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What could be better than quitting your job and hiking 3,000 miles cross-country? Nothing—as long as you’re ready for the storms, aches and pains, and, well, smell. In Ask a Thru-Hiker, record-setting long-distance hiker Liz “Snorkel” Thomas answers your burning questions about life on the trail. Get Liz’s advice, plus all of Backpacker’s members-only skills coverage, in-depth stories from the trail, destination reports with interactive maps, full-length gear reviews, and more by becoming an Outside+ member today.
I was backpacking and ran into some thru-hikers who sounded like they were speaking another language. They were talking about “blue-blazers,” and “white-blazers,” and even “yellow-blazers.” What’s the deal with all these different color blazes?
Lost in Lingo
You aren’t alone in your struggle to understand thru-hiker jargon. Like any sport or subculture, long-distance backpacking is filled with a dictionary’s worth of terminology. But demystifying thru-hiker slang isn’t just about understanding words, it’s also about understanding the debate within the thru-hiking community over the “proper” way to hike.
The Appalachian Trail is marked with 6-inch-long by 2-inch-wide white paint marks on trees. These “white blazes” serve as markers to let hikers know they’re on the right track. In contrast, the Pacific Crest Trail, Continental Divide Trail, and other Western paths are usually not marked with painted blazes. Instead, they use metal emblems installed in trees and at intersections to keep hikers on track.
Blazes on the AT are carefully repainted every few years by the Appalachian Trail’s many volunteers. By some estimates, there are 165,000 white blazes along the entire Appalachian Trail.
When hikers talk about “white-blazers,” they’re talking about purists, people dedicated to thru-hiking or section-hiking past every white blaze on the trail. While a white blazing thru-hiker may leave the trail to resupply, they continue their hike by returning to the exact same spot. A white-blazing section hiker walks past every blaze over many years. When white-blazers finish the Appalachian Trail, they will have left their footsteps along the length of the entire, official AT.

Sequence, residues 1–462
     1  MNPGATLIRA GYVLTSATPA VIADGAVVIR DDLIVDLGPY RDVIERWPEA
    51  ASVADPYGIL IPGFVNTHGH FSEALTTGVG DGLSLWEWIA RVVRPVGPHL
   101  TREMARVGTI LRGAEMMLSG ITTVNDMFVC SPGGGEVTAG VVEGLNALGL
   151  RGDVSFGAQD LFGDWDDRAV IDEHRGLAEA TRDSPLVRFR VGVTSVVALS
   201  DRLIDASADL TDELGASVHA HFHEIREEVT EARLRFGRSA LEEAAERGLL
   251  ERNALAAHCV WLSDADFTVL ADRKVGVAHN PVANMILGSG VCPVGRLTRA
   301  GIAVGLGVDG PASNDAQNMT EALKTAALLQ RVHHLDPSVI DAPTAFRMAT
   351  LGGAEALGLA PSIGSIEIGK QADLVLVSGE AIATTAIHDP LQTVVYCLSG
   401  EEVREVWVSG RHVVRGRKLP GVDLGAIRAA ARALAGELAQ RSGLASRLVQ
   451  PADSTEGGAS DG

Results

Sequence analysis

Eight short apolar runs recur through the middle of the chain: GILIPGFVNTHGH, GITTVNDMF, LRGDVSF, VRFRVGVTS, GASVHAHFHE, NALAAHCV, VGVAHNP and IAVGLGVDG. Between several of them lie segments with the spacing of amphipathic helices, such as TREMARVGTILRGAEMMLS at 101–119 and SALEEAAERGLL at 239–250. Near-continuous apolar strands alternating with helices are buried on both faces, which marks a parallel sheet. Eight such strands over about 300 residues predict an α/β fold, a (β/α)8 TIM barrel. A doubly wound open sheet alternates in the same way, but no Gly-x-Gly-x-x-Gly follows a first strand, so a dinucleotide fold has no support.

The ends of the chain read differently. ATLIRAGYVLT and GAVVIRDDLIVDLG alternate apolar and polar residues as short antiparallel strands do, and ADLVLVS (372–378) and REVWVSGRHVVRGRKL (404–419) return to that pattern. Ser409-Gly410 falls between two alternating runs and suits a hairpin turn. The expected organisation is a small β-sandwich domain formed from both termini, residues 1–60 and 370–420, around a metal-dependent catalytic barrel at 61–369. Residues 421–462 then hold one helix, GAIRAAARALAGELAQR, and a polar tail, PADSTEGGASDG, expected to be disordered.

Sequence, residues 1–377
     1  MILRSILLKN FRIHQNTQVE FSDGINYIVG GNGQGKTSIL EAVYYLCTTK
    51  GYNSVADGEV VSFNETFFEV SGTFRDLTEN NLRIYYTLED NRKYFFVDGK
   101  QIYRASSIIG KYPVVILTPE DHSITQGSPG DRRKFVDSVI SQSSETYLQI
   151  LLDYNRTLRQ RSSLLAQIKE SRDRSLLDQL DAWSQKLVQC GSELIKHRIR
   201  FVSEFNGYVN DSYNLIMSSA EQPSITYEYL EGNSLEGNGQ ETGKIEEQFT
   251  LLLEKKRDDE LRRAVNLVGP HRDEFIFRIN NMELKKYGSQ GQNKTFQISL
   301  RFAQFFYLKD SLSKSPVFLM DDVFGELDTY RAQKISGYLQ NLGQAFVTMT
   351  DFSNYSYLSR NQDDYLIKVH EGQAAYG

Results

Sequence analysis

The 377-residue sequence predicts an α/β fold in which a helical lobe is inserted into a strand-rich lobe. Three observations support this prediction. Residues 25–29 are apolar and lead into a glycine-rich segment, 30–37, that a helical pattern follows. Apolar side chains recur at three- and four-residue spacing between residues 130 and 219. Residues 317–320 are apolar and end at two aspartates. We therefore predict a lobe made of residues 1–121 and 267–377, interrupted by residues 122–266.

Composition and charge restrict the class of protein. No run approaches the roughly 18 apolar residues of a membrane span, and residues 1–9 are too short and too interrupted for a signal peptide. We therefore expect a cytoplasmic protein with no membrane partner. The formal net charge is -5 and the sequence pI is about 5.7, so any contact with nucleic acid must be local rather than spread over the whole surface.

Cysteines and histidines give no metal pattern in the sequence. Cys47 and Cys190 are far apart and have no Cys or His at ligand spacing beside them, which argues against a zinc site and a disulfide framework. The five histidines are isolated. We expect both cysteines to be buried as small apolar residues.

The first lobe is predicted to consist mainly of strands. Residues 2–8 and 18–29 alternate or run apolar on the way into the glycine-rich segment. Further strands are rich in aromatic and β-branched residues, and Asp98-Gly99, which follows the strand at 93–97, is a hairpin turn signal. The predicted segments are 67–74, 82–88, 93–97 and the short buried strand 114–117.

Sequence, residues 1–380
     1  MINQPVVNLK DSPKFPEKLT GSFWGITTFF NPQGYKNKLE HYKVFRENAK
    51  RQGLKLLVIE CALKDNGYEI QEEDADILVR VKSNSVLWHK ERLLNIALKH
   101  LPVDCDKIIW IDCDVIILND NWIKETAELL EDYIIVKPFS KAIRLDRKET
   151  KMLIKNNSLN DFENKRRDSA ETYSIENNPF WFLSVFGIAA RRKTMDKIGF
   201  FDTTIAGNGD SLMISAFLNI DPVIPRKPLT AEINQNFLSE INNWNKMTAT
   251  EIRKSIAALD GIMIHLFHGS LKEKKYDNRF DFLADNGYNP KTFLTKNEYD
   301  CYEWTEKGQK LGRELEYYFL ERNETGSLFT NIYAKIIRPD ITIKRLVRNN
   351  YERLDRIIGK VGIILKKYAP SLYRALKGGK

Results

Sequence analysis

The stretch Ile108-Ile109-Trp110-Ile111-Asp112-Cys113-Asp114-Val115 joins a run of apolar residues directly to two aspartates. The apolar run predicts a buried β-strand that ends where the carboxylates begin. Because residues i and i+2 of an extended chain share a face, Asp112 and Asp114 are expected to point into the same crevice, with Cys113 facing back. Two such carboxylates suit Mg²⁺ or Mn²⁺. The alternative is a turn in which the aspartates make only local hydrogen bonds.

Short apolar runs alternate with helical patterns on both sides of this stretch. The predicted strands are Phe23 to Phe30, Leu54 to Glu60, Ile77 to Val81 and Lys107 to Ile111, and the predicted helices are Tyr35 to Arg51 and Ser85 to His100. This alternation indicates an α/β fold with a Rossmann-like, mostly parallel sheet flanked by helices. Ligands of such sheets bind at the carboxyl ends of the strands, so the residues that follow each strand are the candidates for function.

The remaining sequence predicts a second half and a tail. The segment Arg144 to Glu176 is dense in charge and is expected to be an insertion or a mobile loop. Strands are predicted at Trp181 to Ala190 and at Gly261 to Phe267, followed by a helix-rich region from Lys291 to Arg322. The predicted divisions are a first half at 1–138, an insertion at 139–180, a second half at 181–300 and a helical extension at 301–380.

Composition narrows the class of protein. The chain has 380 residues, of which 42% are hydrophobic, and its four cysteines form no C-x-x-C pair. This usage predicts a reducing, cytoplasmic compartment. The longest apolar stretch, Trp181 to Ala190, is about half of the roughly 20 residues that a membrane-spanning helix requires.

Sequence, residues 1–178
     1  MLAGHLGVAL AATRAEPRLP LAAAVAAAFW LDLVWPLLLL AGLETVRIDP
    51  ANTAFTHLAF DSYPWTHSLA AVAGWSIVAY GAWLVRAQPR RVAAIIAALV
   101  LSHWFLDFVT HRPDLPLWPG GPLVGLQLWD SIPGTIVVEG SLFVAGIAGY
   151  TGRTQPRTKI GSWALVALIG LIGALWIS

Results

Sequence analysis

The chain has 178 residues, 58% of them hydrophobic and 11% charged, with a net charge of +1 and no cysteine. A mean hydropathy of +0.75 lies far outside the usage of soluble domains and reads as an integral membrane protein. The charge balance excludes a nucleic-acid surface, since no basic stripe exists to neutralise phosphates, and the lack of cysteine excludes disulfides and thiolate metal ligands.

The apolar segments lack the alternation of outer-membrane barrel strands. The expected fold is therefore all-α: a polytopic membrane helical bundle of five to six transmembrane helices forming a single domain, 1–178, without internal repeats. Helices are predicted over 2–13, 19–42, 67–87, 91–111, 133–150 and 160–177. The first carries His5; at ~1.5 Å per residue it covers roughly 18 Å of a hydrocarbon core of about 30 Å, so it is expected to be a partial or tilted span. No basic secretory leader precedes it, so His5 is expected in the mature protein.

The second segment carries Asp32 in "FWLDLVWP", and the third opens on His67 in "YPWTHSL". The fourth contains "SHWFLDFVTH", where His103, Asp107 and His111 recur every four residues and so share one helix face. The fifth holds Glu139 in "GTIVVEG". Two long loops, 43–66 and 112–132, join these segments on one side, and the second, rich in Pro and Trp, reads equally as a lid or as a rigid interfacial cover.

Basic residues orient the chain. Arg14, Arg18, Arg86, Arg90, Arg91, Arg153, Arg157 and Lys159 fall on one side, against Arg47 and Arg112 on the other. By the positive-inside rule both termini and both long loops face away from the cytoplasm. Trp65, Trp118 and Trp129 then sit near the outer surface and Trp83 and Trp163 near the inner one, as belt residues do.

When the white-blazed portions of the AT are closed, for example if there is a wildfire, the Appalachian Trail Conservancy designates an official detour. That is often considered to be the new “white blaze.” Even the ATC’s free Kennebec River Ferry has a white blaze painted on it. This means that hikers who canoe across the river (which is quite fun) are sticking to the white-blazed route.
In contrast, side trails and almost every other trail that connects with the AT are often marked with 6-inch by 2-inch wide blue paint marks on trees. These are called “blue blazes.” Blue-blazers are hikers that use side trails to go from one part of the AT to another, often as a shortcut or to avoid climbs. Sometimes, hikers choose to blue-blaze to catch up with friends they have been hiking with or because they need to reach a town by a certain date (for example, if they are meeting up with family or need to get to a Post Office before it closes for the weekend). Weather or snow conditions may be a factor, too.
Many white-blazers choose to walk blue-blazed trails as an out-and-back, such as spur to the top of Killington Peak in Vermont or one of the Presidential Range in New Hampshire. By returning to the same spot on the AT after climbing the peak (or visiting a waterfall or swimming hole), they still keep their purist cred.
Some white-blazers consider blue-blazers to be cheaters. Some blue-blazers consider white blazers to be uptight. This debate is part of the rich history of long-distance hiking culture. Regardless of whether a hiker white-blazes or blue-blazes, as long as they walk continuously from one terminus to the other, they still qualify for a Triple Crown Award given by the American Long Distance Association-West to hikers who have completed the entire length of the AT, PCT, and CDT.
Yellow-blazers, referring to the yellow median stripes on a paved road, is a term for hikers who hitch or get a ride. Sometimes, yellow-blazing is necessary (such as if a wildfire closes a large section of trail and there is no designated re-route). Sometimes, hikers just want a break. Like blue-blazing, some hikers will choose to yellow-blaze to catch up with friends or because they are running out of time and want to get ahead to a more scenic section of the long trail. Unlike blue-blazers, yellow-blazers don’t qualify for the Triple Crown unless they go back and hike the sections they skipped.
On trails in the West where painted blazes aren’t as common, you won’t hear the terms “white blazer” or “blue-blazer,” but “yellow-blazer” is still a common term. Less commonly, “yellow-blazing” may also refer to folks who walk a portion of a highway (marked by the yellow paint lines along a road). These folks are generally considered to still have continuous footsteps, though this kind of highway walking misses out on much of the adventure of a thru-hike (and is significantly less safe than walking trails).
Thru-hiker language is interesting and, like all aspects of culture, is always evolving. Sooner or later, you may find yourself platinum-blazing a flip-flop with an aqua-blaze in the middle.